Traumatic cataracts are defined as those occurring post or secondary to blunt or penetrating ocular trauma/injury/blows. Infrared energy (glass-blower’s cataract), electrical shock, and also ionizing radiation are various other rare causes of traumatic cataracts. Cataracts brought on by blunt trauma characteristically create stellate or rosette-shaped posterior axial opacities (as can be seen in the images below) that might be steady or progressive, meaning they may sustain or increase with the passing of time, whereas penetrating trauma with disruption of the lens capsule forms cortical changes that might remain focal if small or may proceed rapidly to overall cortical opacification (both of these may lead to traumatic cataracts). Researchers have found that traumatic cataracts without globe rupture normally have a better prognosis for visual healing after surgical treatment, at the hands of an experienced ophthalmologist, at the very least in children.
View images below:
Fig. 1: Classic rosette-shaped cataract in a male, 4 weeks after blunt eye injury.
Fig. 2: Same cataract as seen in previous image of male with 4-week-old eye injury, viewed by retro-illumination.
Lens dislocation and also subluxation are generally found together with traumatic cataract. Other associated problems include phacolytic, phacomorphic, pupillary block, and angle-recession glaucoma; phaco-anaphylactic uveitis; retinal detachment; choroidal rupture; hyphema; retrobulbar hemorrhage; stressful optic neuropathy; and also, globe rupture. Traumatic cataract can offer numerous medical as well as surgical difficulties to the ophthalmologist. Careful assessment and a management plan can simplify these tough cases and also provide the most effective possible end result.
Blunt trauma is responsible for coup and also contrecoup eye injury. Coup is the mechanism of straight impact. It is responsible for Vossius ring as it is called (which is also the imprinted iris pigment) often found on the anterior lens capsule following blunt trauma. Contrecoup describes distance injury caused by shockwaves following the line of blast. When the anterior surface of the eye is struck bluntly, there is a quick anterior-posterior shortening accompanied by equatorial expansion. This equatorial expansion or the sideways stretching can disrupt the lens capsule, zonules, or both at the same time. Combination of coup, contrecoup, as well as equatorial expansion or sideways stretching is responsible for development of traumatic cataract following blunt (but not penetrating) ocular injury. Penetrating trauma that directly compromises the lens capsule results in cortical opacification at the site of injury. If the rent is adequately large, the entire lens rapidly opacifies, but when small, cortical cataract can seal itself off and continue to be localized.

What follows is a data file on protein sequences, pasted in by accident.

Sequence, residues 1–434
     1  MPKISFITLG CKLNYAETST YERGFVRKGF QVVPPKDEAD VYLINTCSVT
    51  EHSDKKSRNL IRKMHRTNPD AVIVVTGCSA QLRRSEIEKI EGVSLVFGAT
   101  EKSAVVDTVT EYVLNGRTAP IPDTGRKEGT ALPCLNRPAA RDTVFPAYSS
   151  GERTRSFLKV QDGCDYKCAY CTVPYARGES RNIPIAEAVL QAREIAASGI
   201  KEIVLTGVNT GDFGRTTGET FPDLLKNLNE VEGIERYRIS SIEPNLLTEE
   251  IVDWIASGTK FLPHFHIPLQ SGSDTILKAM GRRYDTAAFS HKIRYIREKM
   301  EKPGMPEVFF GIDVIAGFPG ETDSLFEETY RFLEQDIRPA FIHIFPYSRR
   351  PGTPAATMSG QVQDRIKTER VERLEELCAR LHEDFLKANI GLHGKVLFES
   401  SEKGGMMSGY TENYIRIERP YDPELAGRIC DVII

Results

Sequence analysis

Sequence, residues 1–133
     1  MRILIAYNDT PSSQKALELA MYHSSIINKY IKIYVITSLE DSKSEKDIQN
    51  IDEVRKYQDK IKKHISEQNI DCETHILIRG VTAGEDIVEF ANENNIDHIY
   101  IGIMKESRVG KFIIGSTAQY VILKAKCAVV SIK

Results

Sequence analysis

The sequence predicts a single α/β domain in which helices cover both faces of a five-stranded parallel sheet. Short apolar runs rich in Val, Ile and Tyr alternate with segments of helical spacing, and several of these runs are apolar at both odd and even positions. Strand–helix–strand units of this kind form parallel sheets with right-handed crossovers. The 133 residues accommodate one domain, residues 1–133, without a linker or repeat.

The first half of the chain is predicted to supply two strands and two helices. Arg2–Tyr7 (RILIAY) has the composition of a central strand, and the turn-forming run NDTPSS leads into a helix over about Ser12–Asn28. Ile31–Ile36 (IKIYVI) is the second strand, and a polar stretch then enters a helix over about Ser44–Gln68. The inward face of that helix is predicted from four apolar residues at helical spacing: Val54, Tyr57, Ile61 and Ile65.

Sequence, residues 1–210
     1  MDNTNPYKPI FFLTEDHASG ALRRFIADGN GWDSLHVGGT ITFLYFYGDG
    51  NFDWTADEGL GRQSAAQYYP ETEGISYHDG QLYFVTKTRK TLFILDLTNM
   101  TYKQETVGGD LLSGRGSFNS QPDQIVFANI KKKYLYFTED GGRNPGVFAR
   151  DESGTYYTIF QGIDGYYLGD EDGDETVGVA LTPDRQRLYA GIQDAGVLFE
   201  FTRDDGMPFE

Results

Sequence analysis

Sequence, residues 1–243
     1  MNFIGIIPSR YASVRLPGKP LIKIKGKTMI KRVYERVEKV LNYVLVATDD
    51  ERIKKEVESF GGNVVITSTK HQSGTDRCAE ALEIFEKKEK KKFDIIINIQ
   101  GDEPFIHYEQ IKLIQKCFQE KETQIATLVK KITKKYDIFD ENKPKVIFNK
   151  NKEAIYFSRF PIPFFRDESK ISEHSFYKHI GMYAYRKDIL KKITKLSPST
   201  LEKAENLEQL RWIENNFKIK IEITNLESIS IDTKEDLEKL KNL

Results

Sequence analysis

Around 2.5 million eye injuries happen every year in the USA. It is approximated that roughly 4-5% of a comprehensive eye doctor’s patient are seen secondary to eye injury. Traumatic cataract may present as severe, subacute, or late sequela of eye injury.
Injury is the leading source of monocular blindness in patients more youthful than 45 years. Yearly, around 0.05 million people are left incapable to read newsprint as an outcome of ocular injury. Only around 85% individuals that experience anterior segment injury reach a final visual acuity of 20/40 or far better, when perfect vision is 20/20 whereas only 40% patients with posterior segment injury reach this level, which is a much lower number.
The male-to-female proportion in instances of eye injury is 4:1.
Job- and sports-related eye injuries most frequently happen in youngsters as well as young adults.
The prognosis is dependent on the degree or severity of the injury or trauma.
Protective eyewear is very important in risky activities to stay clear of injury.